Sunil Joshi set to take over as chairman of selectors

CAC recommends former left-arm spinner and Harvinder Singh to replace MSK Prasad and Gagan Khoda

Nagraj Gollapudi
Sunil Joshi, Harvinder Singh and Rajesh Chauhan at the BCCI headquarters, Mumbai, March 4, 2020

Sunil Joshi, Harvinder Singh and Rajesh Chauhan at the BCCI headquarters  •  PTI

Former India left-arm spinner Sunil Joshi will take over as the chairman of the men's selection committee, which will have a second new face in former India fast bowler Harvinder Singh. Joshi and Harvinder will join the trio of Sarandeep Singh, Devang Gandhi and Jatin Paranjape in the new panel whose first job will be to pick the Indian squad for the three-match ODI series at home against South Africa, to be played between March 12 and 18.
Joshi and Harvinder will fill the vacant slots on the selection panel created after the tenures of former India wicketkeeper MSK Prasad and former Rajasthan batsman Gagan Khoda had ended.
Joshi and Harvinder's appointment was done by the three-member Cricket Advisory Committee (CAC) comprising Madan Lal, RP Singh and Sulakshana Naik on Wednesday. On Tuesday, the CAC had shortlisted five candidates from a broader pool of 40 applications forwarded by the BCCI. Along with Joshi and Harvinder, former India legspinner L Sivaramakrishnan, former India fast bowler Venkatesh Prasad, and former India offspinner Rajesh Chauhan were part of that shortlist.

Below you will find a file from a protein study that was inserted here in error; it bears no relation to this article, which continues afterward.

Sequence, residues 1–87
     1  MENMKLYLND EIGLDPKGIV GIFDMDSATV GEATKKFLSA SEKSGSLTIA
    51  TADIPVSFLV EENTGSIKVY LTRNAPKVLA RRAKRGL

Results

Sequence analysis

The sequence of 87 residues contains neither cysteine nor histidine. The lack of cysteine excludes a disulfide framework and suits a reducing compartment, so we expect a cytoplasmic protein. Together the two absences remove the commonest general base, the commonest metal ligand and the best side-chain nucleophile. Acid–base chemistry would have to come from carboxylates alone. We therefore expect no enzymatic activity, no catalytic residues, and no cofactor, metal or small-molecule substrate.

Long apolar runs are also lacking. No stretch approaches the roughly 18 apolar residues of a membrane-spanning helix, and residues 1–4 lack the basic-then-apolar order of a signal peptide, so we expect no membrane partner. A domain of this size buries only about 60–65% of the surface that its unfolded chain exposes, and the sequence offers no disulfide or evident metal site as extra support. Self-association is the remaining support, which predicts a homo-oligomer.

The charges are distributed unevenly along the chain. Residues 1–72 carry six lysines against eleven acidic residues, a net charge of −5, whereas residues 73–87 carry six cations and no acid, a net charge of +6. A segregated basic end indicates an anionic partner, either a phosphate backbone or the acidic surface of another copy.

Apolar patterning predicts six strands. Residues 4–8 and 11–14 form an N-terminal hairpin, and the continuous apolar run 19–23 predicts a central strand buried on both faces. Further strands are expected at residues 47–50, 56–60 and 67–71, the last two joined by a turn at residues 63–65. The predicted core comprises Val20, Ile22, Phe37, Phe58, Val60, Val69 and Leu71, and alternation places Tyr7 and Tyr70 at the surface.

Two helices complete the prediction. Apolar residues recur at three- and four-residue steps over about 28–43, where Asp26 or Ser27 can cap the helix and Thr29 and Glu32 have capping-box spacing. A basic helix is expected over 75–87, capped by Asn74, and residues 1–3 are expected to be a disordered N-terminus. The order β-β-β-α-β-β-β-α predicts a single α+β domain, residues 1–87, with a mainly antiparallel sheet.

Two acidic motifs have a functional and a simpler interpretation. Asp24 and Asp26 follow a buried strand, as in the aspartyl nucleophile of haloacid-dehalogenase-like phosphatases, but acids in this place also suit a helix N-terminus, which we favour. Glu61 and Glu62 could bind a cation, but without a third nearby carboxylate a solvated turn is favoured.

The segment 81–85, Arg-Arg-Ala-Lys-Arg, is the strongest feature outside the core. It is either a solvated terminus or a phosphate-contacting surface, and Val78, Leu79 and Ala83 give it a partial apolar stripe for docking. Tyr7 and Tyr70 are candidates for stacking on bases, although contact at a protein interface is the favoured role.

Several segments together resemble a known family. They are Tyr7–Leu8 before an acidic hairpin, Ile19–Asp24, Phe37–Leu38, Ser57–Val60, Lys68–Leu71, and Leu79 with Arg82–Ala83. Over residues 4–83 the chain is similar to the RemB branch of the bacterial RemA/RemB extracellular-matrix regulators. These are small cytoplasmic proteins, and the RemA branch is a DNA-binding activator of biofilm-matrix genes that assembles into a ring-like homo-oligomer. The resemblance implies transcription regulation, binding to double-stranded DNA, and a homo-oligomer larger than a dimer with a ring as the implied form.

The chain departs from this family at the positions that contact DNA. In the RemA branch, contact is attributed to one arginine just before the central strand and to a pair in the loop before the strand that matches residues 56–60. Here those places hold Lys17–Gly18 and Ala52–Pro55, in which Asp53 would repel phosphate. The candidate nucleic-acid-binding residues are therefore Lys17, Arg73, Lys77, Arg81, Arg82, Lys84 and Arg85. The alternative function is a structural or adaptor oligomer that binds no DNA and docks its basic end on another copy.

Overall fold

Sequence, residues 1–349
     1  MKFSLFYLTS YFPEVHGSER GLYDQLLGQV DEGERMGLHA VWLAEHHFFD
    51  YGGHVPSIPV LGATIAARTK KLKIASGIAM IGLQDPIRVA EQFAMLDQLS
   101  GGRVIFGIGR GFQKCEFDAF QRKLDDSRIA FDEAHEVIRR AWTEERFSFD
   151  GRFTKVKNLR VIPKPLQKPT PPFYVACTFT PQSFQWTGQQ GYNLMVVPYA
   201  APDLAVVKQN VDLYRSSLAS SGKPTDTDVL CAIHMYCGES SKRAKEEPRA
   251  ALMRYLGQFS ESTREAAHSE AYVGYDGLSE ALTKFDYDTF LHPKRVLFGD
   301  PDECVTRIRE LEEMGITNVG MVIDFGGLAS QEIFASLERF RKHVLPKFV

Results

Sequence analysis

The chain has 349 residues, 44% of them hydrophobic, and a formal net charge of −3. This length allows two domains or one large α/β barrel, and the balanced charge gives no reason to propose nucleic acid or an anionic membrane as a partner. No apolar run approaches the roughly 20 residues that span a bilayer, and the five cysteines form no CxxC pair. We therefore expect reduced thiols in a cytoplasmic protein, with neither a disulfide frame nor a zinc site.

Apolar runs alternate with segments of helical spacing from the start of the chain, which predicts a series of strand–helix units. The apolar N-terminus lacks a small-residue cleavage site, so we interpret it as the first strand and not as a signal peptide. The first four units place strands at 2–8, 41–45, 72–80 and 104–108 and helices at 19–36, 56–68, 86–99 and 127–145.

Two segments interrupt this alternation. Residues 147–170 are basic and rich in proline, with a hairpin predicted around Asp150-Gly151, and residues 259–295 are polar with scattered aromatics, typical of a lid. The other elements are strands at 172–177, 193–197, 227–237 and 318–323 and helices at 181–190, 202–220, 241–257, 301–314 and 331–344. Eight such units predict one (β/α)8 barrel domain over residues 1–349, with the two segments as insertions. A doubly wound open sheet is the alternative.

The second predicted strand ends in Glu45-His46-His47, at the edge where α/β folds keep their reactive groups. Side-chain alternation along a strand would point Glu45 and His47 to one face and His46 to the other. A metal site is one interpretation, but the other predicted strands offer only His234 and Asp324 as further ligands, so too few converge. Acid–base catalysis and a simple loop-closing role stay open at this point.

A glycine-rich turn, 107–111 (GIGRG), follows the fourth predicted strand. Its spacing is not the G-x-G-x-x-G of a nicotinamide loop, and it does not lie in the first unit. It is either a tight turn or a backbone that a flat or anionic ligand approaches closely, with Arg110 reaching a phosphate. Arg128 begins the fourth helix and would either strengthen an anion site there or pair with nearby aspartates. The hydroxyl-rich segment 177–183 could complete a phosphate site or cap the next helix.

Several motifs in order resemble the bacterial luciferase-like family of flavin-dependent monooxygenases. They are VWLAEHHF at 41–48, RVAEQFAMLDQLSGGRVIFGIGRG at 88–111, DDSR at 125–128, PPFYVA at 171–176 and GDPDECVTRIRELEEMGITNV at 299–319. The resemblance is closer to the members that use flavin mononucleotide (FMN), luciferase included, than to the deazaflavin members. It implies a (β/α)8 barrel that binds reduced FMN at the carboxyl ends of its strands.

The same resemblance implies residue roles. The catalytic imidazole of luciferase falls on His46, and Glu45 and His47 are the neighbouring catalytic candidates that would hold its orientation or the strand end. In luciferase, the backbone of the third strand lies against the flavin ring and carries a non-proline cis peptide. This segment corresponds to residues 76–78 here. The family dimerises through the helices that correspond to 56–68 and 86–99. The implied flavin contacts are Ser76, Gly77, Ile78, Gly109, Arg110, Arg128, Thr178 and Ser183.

As per the BCCI constitution, the most senior member on the selection panel, based on the number of Test caps, will become the chairman. Joshi is the senior-most member, having played 15 Tests, and hence the CAC recommended to BCCI that he become the new chairman of selectors.
Lal said that all the five candidates were "very impressive" during their interviews and the CAC had picked the "best" for the two vacant positions. Asked on what basis the five candidates were shortlisted, Lal said that the CAC was clear that it would pick one candidate each from the South and Central Zones respectively.
That meant the CAC had revived the zonal policy the BCCI had said it had discarded in 2016, when the three members (Sarandeep, Gandhi and Paranjape) had been appointed through an interview process. Incidentally, although those three candidates did take interviews, all five members of that selection panel, led by Prasad, represented the five different zones.
"One selector had to come from South and one from Central, " Lal said at a media briefing in Mumbai on Wednesday. "Our zonal system is one of the best. Keeping that in mind we have picked the best (candidates). We have picked those guys who were the best in those (two) zones."
According to Lal, both Joshi and Harvinder were "very clear" in their "thought process". Asked to provide an example, Lal said: "We asked them some pretty tough questions, but they were very, very clear and very, very straightforward. We asked them about their communication skills and how they would handle (communication) with the team management. Keeping all this mind, I feel the interviews we conducted were the best."